My name is Dominic, and as long as I’ve been interested in writing about as long as I’ve been interested in video games. I started my first video game blog when I was in high school, and kept up with it for months. I transitioned into writing for a website, but was quickly overwhelmed and had to refocus my life on other things.
This blog now represents Part 2 – the gaming blog I had, continued in the present, with the new context and life experiences I’ve had along the way. You can expect a healthy mix of personal pieces, review, previews, and more. If you want to respond to anything I’ve written, you can! Just shoot me an email at firstname.lastname@example.org or contact me on twitter @dacichocki.
I reviewed Nier on this blog back in 2011.
At the time I was sixteen, and M-rated games were a new, vast world for me to explore. I remember the first three Mature games that impacted me: Red Dead Revolver; 999: Nine Hours, Nine Persons, Nine Doors; and Nier. Red Dead was the first Mature game I owned, period. 999 was the first I played that felt deserving of its rating. As for Nier, well, Nier became special.
It’s funny, I gave the game a 7.5 (good) score at the time. However, Nier is the one of the games I look back on most fondly from that time in my life. I don’t remember Red Dead almost at all, and though I have great memories of 999, I’m not exactly rushing to replay it. Nier, even if it took time me six and a half years to revisit, is a game that constantly remains on my mind. I have the soundtrack on my iPod, it’s always on the tip of my tongue when someone wants game recommendations, and I think, over time, I’ve built it up enough to where I remember liking it more than I actually did.
Since that initial blog post, I’ve finished high school and graduated college. In that time, I’ve played many games on many systems, and I’ve found my tastes have changed. Back in high school, I prided myself on being a versatile gamer, willing to play almost everything (except most sports and PC games). While I still retain a lot of that spirit, I don’t try to collect every game anymore. I now try to seek out games I feel would fit my sensibilities; that I’d find interesting. With school and jobs, I’ve had to manage my time so that while I play less games overall, I usually play the ones that fit that mold. But what interests me – what is the mold I look for? When I ask myself what that is, I find myself going back and saying “something like Nier.”
Of course I don’t mean literally – though Nier has become one of my favorite games, there are still aspects of it that are annoying. Some graphical and gameplay elements feel janky, and the fetch quests can still be boring. What I mean, I think, when I want something like Nier, is something that feels authored – your Metal Gear Solids, or your other games made by bigshot creative directors with a unique style. I’m talking about the games that take risks, play with expectations, and have fun with themselves. Maybe they follow a formula, maybe they don’t. Concept-wise, originality doesn’t matter – it’s the presentation that counts.
Nier has that special authorial touch. It’s not afraid to turn one dungeon into an isometric crawler, or other sections into text adventures. The game even asks to delete your save file after viewing the fourth and final ending. Back when I was in high school, I didn’t properly appreciate these aspects. I may have said I did, but I was wrong. As I admitted in my original review, I didn’t go beyond the second ending. I was too afraid to – the thought of losing all that progress did not sit well with me.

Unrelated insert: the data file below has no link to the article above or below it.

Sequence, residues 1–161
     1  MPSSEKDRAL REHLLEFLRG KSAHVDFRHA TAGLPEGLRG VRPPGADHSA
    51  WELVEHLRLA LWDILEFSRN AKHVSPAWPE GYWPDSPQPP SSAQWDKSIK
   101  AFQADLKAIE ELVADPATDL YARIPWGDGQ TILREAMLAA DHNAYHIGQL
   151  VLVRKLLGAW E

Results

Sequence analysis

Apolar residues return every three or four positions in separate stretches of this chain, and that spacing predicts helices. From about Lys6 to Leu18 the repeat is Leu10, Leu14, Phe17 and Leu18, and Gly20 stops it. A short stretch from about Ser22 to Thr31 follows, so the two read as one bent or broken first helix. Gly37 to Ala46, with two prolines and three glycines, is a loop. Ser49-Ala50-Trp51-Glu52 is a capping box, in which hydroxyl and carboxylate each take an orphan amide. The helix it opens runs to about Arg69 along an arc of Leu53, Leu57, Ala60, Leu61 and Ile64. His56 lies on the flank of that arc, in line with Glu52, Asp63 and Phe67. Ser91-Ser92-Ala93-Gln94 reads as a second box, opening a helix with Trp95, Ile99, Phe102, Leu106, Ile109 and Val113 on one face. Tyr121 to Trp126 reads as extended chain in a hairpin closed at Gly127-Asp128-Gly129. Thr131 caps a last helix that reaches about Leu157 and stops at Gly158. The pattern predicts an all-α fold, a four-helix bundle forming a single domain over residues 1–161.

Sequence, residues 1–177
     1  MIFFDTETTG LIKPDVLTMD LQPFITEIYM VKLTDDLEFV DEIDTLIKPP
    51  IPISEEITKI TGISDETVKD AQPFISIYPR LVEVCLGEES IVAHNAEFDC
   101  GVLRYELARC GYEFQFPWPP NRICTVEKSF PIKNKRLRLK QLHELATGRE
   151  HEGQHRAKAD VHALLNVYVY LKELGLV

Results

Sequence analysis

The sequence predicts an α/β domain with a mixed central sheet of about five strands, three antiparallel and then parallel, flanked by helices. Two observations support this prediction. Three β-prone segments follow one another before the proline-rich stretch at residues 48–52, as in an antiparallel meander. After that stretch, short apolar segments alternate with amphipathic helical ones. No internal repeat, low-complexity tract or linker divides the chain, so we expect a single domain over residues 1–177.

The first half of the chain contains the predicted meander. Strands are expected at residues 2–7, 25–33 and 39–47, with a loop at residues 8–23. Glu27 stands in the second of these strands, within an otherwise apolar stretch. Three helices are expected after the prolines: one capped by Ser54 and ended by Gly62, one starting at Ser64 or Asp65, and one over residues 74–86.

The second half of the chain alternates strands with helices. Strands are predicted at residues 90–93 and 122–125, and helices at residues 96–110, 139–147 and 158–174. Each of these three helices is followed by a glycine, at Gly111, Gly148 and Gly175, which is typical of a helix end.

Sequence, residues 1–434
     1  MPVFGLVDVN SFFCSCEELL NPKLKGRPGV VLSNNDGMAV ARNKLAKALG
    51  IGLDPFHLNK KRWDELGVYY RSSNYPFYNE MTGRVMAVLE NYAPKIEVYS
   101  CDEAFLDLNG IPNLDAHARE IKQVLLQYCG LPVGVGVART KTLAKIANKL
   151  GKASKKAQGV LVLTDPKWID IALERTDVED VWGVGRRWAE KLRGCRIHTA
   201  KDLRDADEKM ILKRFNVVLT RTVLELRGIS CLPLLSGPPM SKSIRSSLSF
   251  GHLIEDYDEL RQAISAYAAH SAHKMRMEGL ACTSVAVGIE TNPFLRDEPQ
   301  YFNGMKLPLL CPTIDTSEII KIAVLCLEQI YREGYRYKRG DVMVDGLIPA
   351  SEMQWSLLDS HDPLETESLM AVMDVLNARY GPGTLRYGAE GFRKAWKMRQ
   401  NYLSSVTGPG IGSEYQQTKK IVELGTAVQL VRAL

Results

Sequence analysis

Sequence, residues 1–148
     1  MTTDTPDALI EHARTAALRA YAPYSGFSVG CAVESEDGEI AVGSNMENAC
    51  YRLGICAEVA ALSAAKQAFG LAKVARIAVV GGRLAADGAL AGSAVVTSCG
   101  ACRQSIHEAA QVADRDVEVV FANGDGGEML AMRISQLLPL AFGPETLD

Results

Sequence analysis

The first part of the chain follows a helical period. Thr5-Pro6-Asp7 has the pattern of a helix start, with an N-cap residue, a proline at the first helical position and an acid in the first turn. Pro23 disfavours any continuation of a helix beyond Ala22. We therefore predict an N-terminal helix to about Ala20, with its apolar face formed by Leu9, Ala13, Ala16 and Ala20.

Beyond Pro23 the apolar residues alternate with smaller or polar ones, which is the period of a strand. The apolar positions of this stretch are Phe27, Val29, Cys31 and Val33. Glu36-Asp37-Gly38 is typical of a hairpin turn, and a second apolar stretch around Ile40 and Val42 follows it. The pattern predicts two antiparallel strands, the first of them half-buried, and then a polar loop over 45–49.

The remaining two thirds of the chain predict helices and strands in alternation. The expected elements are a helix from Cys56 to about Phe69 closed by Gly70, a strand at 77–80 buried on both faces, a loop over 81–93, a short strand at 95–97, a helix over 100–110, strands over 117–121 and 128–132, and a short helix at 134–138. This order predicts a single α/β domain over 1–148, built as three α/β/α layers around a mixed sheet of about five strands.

Maybe it’s because I’m a lover of cinema and video games alike that I crave that certain strain of difference and risk-taking. Maybe I’m just a hipster. But I see this element in other games like Wolfenstein: The New Order, in how it shows you the horrors of the Nazis in a way most other games have shied away from. I also see it in games with interesting backstories and weird turns in development; From Sleeping Dogs cancellation and rebirth, to Rodea the Sky Soldier floating back to life, long after its best and more ignored version (on the Wii) almost went unreleased.
I commented on the strange backstory of Nier’s development too, back then. But, I’ll be honest, I didn’t have the best context. I would not have appreciated the game’s LGBT themes until some time later. I also didn’t realize the importance the younger version of Nier (the main character) had on the story in the other, exclusive Japanese version of the game. I was so fascinated to be playing as a father trying to save his daughter. I wish that the planned Vita version, which would have combined elements of both games, had come out after all. But who knows, maybe that version will one day be reworked for the Switch.
None of this is to say that I don’t stand by what I said about the game back then. I just think it’s interesting to see how tastes have changed over the years, from my teens to my early twenties. I feel like the game is worth addressing again, especially now, with a sequel released, Nier Automata, that has gone on to the financial and critical acclaim I feel the first Nier deserved.
Things are different now. Cavia, the studio that made Nier, is long gone. The Nier franchise has been swept up in a wave of other Japanese franchises that are finally getting their due. I’ve grown older, I’ve played much more, and I’ve experienced a lot since I wrote that original piece. It’s nice to go back and remember when Nier was just one of those titles that came out on the PS3, just as it’s nice to remember what it was like to play and review it.
I’ll still defend what I said then, even if I disagree with it, but if I can tighten up the facts I glossed over and explain them better, then I’ll be serving everyone who reads this better. You deserve it. Go on, please play Nier.
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